Tag Archives: nhs

April 25th 2018 – 2 Years Post Appendicectomy

I was 2 months into my new job and it was my first time taking an official call at my job. I don’t really remember the first call very well. What I do remember is feeling a heaviness in my chest, I felt ill and not right. I thought I was just scared and pushed through another call. Before admitting I didn’t feel well. My mentor and colleagues said to me that if I felt unwell not to worry and go home. I decided it would be a good idea to go home. This was in early March-if I knew what was to come over the next few months I would have driven myself to A&E straight after work.

If you go back 2 years in my posts you will see the struggles I went through (written in a held back, milder manner!!) Posts such as 6 weeks of health and Apparently “There is no Way it is your Appendix!”.

My life has changed in the past 2 years. I changed jobs, bought a house, moved house in that time. I have battled with my physical and mental health. Been treated badly and cut out certain people-that was a tough decision to take but I have realised that I need to consider my own wellbeing and toxic people are not part of my life anymore.

I did a whoopsie

Having been in an ill, nocturnal state for the past week or so I decided to request my prescription online from the GP- PRESCRIPTION APPROVED!! But me being me at the moment, I thought it was Friday on Thursday so didn’t collect the prescription from the Doctors as thought they would be closed. Then the next day I went out in the car and realised it was Friday so I went to the Doctors and realised it was closed because it was Good Friday so no prescription for me.

.FAST FORWARD TO MONDAY.

I have no Sertraline in the house. I have been on these for months and never missed a dose, until now. I have to see a Doctor this week anyway so I know I need to go out and get my tablets. Although they do need changing so if anybody has advice on reducing Sertraline in order to swap to another medication please let me know as I have heard withdrawal is awful!!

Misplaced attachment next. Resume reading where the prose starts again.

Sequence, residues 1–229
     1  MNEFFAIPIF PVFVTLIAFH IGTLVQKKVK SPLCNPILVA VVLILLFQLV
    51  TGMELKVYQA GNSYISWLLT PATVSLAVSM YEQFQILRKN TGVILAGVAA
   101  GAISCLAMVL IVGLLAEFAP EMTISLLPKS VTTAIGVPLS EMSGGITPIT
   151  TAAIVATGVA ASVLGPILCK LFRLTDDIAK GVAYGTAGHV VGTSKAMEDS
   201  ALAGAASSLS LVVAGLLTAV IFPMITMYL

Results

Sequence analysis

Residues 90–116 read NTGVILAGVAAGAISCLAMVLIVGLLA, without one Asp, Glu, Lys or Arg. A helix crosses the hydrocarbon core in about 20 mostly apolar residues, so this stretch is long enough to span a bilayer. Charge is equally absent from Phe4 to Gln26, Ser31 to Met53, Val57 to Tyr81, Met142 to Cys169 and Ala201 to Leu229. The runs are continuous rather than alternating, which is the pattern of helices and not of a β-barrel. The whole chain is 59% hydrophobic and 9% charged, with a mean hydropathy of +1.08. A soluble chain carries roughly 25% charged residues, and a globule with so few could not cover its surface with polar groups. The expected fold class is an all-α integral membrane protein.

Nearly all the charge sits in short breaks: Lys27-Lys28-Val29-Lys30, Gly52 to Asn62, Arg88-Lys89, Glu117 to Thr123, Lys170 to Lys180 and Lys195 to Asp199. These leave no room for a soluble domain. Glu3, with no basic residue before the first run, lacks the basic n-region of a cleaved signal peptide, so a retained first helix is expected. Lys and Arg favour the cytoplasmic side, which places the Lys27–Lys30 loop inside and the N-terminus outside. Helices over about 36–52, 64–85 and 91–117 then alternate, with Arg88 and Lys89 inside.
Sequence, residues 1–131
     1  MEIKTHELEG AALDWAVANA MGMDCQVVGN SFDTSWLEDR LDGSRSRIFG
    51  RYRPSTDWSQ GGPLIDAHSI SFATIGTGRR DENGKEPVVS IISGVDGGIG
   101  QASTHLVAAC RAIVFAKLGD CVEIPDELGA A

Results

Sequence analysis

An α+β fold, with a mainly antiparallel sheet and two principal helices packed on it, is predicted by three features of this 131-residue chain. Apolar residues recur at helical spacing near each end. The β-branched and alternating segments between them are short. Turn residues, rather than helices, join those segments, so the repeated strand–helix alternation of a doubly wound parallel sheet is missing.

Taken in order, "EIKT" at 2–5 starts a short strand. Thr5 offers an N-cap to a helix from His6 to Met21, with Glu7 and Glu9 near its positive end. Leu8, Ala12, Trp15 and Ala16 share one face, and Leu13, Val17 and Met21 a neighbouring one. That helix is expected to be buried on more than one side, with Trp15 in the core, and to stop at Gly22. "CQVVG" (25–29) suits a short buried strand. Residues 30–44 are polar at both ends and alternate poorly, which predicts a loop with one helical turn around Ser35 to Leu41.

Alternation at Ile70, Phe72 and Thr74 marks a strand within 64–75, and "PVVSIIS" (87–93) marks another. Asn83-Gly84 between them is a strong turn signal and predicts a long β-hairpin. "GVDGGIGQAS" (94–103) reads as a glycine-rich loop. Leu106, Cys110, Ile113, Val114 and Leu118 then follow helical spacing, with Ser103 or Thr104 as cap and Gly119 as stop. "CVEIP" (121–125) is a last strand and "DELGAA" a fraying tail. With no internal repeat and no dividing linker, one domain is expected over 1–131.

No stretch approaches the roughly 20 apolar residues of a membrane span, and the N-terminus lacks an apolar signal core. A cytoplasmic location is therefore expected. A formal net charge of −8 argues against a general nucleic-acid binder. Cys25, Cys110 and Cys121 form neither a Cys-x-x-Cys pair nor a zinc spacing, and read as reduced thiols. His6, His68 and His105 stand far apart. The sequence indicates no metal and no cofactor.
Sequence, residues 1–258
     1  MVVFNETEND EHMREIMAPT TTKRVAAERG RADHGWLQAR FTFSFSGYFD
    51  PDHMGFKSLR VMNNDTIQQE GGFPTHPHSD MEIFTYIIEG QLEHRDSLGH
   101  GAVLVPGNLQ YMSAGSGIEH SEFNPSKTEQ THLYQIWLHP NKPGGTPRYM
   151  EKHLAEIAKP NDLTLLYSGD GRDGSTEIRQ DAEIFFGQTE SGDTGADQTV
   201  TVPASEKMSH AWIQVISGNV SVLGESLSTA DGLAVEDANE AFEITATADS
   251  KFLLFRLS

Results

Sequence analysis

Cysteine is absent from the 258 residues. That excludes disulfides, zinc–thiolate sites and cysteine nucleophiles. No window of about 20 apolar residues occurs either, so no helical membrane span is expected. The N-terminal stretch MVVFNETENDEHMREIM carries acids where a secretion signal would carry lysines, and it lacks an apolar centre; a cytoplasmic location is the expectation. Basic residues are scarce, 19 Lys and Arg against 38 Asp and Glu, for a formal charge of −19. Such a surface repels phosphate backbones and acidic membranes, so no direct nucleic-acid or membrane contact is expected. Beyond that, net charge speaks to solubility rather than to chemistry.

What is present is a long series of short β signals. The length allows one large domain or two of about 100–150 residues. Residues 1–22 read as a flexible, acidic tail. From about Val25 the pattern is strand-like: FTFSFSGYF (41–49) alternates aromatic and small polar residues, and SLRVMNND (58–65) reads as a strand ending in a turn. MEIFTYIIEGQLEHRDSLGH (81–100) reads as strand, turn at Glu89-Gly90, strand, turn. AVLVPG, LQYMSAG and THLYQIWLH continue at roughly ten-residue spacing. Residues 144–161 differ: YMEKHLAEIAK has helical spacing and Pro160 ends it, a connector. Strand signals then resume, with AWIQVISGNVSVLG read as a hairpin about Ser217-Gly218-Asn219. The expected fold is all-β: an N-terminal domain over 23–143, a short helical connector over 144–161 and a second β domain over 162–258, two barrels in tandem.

To any Healthcare Workers out there….

This article was submitted to my ‘Mighty’ page but has been saved for future release rather than being published straight away.

Roll back to early March 2016: I had just completed training for a new job within the emergency services and it was my first day “set free” to take calls and be “in training.” I felt strange, was having chest pain and really didn’t feel well. Within the first couple of hours into the shift I went home unwell. The 30-mile journey home was the longest ever and I was straight on the phone to NHS direct for advice.

Fast forward to late April, a very long six weeks later. I was still off work and had been to so many nurses, GPs, out of hours and telephone triage appointments I had lost count. That day I spoke to my surgery to request an appointment with a doctor and was told I couldn’t see one but they had a paramedic in the surgery I could see. By this point I had lost the will to live and just wanted the pain to stop.

I will never forget the kindness I received from that paramedic. I was told to go to the hospital and a letter was written and faxed to the emergency department for me to go to see the surgeons.

I have polycystic ovary syndrome (PCOS) and while this condition is being talked about more, there is still a stigma with the condition. I had abdominal pain that had lasted about six weeks and had been referred to the surgical team, not the gynaecology team.

One of the worst comments I have ever overheard from a person was: “She has polycystic ovaries, just send her to gynae and they can discharge her.”

While this comment may only be minor, I also saw these people shaking their heads and asking about beds for other patients. Might I add, this person was a doctor.

Three days later, I had surgery and my appendix was removed and then two days later I went home. I continued to use the services of my GP, district nurse and NHS Direct as I had an infection in one wound that turned out to be two different infections as well as several water infections.

I will never be the same person again, but I am very thankful to that paramedic who believed me and listened to me and the surgeon who listened to me and didn’t presume it was just my polycystic ovaries – because it wasn’t!!

To any healthcare workers or those who wish to become a healthcare professional: If a patient comes to you with a problem, please do not presume it is “just” their pre-existing condition. Yes, take it into account, but don’t use it as the first excuse to discharge your patient.